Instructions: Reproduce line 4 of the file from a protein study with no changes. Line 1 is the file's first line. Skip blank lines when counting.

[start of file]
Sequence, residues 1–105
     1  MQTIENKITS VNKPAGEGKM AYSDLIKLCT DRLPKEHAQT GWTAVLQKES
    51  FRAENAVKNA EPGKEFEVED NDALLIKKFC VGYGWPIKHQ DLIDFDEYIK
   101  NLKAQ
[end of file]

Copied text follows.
   101  NLKAQ